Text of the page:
Battle of the Sexes

Posted 10-29-2011 at 08:00 AM by Krista

I have two beautiful, incredible little girls. I cannot imagine any other girl being as sweet, as adventurous, as loveable as mine. With that said, I want a boy. I always have.

Growing up, my relationship with my mother could be rocky (I guess that’s probably true for every teenager!), and as a result, I decided I’d probably do better with boys. When I was pregnant for the first time, I knew was having a girl, in a way that no one can understand unless they’ve been there themselves. It wasn’t something I could explain, though I tried. I just felt it in my bones—we needed to start thinking pink. Though I felt a bit begrudging and disappointed, I was so certain that I shrugged it off and started getting excited about having a little girl.

On the day of the ultrasound, our sweetheart didn’t want to cooperate. She kept her legs crossed, and even though the ultrasound tech said that “only girls” did this, and he had my assurances, it wasn’t good enough for my husband. He wanted to be sure before he got excited. After two hours of drinking soda and doing jumping jacks, we had our answer: sugar and spice, and everything nice.

With my second, the only thing I knew for certain was that my pregnancy was so completely different from the first that I prayed for a boy. At this point, J wanted a boy, and I got his hopes up. Though he was excited about having another Daddy’s girl, he was disappointed, too.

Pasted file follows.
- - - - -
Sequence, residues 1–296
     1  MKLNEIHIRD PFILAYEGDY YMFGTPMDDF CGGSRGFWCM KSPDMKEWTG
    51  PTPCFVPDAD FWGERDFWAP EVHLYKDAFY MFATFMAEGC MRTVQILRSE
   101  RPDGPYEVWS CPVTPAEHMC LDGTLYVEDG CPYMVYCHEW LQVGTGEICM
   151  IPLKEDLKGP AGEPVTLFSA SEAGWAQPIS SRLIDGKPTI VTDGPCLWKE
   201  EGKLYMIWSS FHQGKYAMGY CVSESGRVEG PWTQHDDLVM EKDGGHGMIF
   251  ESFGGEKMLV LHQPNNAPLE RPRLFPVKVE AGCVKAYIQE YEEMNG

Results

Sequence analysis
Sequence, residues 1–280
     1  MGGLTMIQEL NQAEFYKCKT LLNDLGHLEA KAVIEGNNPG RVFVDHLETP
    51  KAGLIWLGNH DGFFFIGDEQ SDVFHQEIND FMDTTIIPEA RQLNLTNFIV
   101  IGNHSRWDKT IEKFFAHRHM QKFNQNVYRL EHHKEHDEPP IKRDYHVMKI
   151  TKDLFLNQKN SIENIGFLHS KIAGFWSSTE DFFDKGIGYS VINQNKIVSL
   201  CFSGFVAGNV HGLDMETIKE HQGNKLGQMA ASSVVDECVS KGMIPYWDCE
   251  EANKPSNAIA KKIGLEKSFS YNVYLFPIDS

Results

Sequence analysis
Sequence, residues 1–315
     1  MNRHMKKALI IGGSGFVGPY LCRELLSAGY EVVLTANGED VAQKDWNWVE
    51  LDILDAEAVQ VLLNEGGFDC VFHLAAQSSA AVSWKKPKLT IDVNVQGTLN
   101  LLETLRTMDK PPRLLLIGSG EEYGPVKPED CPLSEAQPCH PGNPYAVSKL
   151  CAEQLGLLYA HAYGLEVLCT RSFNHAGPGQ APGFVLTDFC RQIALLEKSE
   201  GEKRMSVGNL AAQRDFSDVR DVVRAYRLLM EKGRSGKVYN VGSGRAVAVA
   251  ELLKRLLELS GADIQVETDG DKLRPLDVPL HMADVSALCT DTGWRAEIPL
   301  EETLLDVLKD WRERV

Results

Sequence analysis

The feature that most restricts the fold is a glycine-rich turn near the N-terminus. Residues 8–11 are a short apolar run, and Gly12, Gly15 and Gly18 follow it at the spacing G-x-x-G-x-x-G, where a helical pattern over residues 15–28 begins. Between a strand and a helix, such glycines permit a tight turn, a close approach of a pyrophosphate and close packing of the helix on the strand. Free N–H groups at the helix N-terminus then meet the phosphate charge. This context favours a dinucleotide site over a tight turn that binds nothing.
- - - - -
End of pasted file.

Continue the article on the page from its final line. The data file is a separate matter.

We plan on trying again, and we both so desperately want a son. This is solidified every time I watch him play with my friends’ sons. Besides, I want to feel that famous mother/son relationship that people keep talking about.

My question is this: why do people look at me like I’m crazy when I talk about wanting a son? Typically, they’ll respond with, “Well, you should just be grateful for whatever God gives you,” or “I just wanted my child to be healthy”. The condemnation is thick in the air when this subject comes up.

Why should I be ashamed? I have two wonderful daughters that I would not trade for a football team full of sons. Wanting a son doesn’t mean that I love them any less, or wouldn’t love a third girl, she just might end up a little gender-confused. (Joking!)

I feel like a son will complete our family, but if it’s not in the cards, I’ll get over it. In the meantime, don’t rain on my wishful parade!

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